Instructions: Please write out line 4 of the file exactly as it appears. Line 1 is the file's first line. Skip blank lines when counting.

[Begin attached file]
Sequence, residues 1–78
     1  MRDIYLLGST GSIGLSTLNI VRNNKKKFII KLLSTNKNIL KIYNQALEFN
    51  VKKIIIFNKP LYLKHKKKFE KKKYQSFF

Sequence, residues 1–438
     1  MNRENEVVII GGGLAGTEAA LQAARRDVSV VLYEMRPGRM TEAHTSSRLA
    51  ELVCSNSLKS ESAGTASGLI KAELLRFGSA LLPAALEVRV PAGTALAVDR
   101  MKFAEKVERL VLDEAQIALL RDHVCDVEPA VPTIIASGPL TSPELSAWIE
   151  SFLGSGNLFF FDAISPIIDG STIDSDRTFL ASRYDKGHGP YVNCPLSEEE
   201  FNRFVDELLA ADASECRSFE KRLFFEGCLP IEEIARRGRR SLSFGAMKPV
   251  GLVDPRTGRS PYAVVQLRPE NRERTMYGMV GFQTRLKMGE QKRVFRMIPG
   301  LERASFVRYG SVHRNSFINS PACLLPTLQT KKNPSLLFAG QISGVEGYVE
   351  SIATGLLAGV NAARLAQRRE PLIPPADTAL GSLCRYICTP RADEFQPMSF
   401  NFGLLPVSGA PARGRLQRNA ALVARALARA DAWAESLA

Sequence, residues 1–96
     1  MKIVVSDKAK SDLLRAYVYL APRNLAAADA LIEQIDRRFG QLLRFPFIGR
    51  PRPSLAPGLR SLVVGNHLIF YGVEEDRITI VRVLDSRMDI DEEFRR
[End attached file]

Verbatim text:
Sequence, residues 1–438